Freesheets: the right to be remembered
Despite past concerns, Freesheets today have a lot going for them argues Tim Carr, director and head of international at adconnection. They travel far and wide, attract new - and multiple - readers, and with the right online offering can lead people towards workable 'freemium' content...
There have always been a number of questions raised when considering advertising in freesheets. Brands ask the same questions time after time: are engagement levels as high as with paid-for publications? Do people actually read these magazines and newspapers or just pick them up and throw them away? Do you really know who's reading a freesheet?
While they may not be the right advertising space for all brands, these give-away publications are a vital part of the media mix, and a sector that certainly should be remembered.
You just need to consider the latest National Readership Survey (NRS), detailing April 2012 - March 2013, to see the continuing success of 'fremium' material.
Time Out, having become free in September last year, has seen an enormous rise in readership, up 49 per cent on the same period last year - the highest increase for a weekly title by far, with the next closest Auto Express magazine at just eight per cent [Time Out's circulation was also up a huge 455 per cent in six months, Ed.]
Furthermore, London Evening Standard saw a six per cent rise over this period - the most of any newspaper in England - and in fact a nine per cent increase when analysing the second six months against the same period last year. Again, this is more than any other English paper, the rest of which have seen decreases.
Volume has always been a chief concern in any ad campaign, and readership is a key measurement in campaign planning. Readership doesn't focus on the number of copies, but puts the person at the heart, as every good media campaign should, looking individually at what they read.
If you live in London, just think about your journey to work. How many people do you see picking up an already-read issue of the Metro? Or flicking through a discarded Stylist?
This is one area where NRS positions itself as a leading media metric, estimating the number of times publications are read, and splitting these into different demographic groups - vital when looking at appropriate media channels.
It is this multi-reader aspect of freesheets that is of such value to brands too. A paid-for copy would generally have a readership of one, two or maybe three, depending on the household.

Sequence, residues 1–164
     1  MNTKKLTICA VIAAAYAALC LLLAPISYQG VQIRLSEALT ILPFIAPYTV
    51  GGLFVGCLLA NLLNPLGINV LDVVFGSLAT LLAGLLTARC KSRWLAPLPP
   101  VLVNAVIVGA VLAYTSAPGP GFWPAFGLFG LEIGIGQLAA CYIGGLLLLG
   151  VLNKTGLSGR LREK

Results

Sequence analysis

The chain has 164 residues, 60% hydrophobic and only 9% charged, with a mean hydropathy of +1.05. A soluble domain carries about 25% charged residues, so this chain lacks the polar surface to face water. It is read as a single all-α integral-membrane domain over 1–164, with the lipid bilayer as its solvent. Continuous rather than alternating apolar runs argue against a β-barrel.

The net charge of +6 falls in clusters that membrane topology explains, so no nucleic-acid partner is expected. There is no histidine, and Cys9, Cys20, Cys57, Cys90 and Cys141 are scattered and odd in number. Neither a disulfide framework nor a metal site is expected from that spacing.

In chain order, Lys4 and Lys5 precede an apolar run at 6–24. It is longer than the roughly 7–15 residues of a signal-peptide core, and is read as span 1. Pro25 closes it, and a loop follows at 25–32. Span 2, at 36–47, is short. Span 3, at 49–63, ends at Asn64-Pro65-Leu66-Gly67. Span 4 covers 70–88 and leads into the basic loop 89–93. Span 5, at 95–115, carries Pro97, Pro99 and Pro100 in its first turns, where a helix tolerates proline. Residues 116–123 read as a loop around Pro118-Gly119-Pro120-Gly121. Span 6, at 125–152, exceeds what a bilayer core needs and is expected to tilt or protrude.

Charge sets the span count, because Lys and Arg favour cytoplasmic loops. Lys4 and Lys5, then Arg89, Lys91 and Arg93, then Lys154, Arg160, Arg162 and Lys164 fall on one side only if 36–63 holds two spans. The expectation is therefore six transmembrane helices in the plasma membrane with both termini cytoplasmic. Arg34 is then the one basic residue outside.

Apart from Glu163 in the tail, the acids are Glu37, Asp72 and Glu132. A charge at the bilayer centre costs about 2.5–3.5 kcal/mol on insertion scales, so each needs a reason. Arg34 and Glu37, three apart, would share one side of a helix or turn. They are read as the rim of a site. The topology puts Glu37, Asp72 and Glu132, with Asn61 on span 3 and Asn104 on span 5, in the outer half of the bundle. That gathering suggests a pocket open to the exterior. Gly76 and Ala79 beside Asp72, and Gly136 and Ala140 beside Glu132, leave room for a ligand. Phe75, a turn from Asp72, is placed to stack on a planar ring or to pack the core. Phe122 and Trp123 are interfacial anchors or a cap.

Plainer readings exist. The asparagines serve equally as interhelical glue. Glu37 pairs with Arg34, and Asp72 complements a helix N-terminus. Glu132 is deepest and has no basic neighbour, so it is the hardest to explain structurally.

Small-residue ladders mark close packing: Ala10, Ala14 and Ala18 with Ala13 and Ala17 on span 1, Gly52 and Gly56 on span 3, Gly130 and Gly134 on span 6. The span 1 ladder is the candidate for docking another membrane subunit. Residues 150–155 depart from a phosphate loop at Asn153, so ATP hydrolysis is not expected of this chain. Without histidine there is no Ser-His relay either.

However, when content is free - if distributed through the right channels - this dramatically increases.
The age-old adage is that if you buy a magazine or newspaper you engage with it more and read it for longer due to the commitment of purchasing and spending your hard-earned money on it. However, giving away free issues can attract new readers and foster loyalties that otherwise would not exist.
This loyalty goes beyond print and extends to the publication as a brand, across multiple channels and platforms.
NRS PADD (Print and Digital Data) figures out last week demonstrate that these freesheets foster loyalty that extends to online too. While you may think of the Metro purely as a multi-local free newspaper, it is much more than this; it is a newsbrand with a large readership both online and offline.
In fact, Metro's online readership is 1,868,000 - larger than the Daily Express, Daily Star and the Times Newspapers' titles under a paywall - which adds 11 per cent on to its overall brand reach of almost 12 million people.
The London Evening Standard has an even larger proportion of its readership online, with its website adding 24.8 per cent to overall readership, showing that 'fremium' content in print form complements a multichannel digital presence.
The standard of freesheets, in both magazine and newspaper form, is ever-improving. As more publications take up the 'fremium' model, increased competition means that this content is now more relevant and entertaining than ever.
In London alone Time Out, Sport, Stylist and Shortlist, as well as City AM, London Evening Standard and Metro, are thrust upon you on your commute to or from work.
A good 'premium' paper or magazine needs to be of a certain quality; it must have interesting and original content, trusted opinions, and the ability to engage enough to build its own audience.
They give brands the chance to reach consumers that they may otherwise struggle to engage, becoming synonymous with this dependable source of information and entertainment.
Ultimately, being media neutral is the key to any good advertising campaign. If by putting your consumer at the heart of your plans it means using, or indeed avoiding, freesheets, then so be it. However, media professionals need to realise that 'fremium' is an established model, with a proven track record that must not be forgotten.
I will leave you with a quote from City AM's commercial director, Harry Owen, in a Media Week article last year: "You wouldn't find anyone questioning the value of ITV's audience or content, would you?"
Image credit: The Guardian - http://www.guardian.co.uk/business/2007/dec/10/pressandpublishing.transportintheuk